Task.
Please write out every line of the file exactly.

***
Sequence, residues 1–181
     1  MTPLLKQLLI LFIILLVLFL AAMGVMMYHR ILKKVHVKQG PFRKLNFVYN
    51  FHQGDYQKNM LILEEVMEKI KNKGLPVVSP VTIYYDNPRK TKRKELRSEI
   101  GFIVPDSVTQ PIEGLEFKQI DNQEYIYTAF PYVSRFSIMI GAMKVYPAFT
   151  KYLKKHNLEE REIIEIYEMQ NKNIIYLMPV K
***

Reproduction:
Sequence, residues 1–181
     1  MTPLLKQLLI LFIILLVLFL AAMGVMMYHR ILKKVHVKQG PFRKLNFVYN
    51  FHQGDYQKNM LILEEVMEKI KNKGLPVVSP VTIYYDNPRK TKRKELRSEI
   101  GFIVPDSVTQ PIEGLEFKQI DNQEYIYTAF PYVSRFSIMI GAMKVYPAFT
   151  KYLKKHNLEE REIIEIYEMQ NKNIIYLMPV K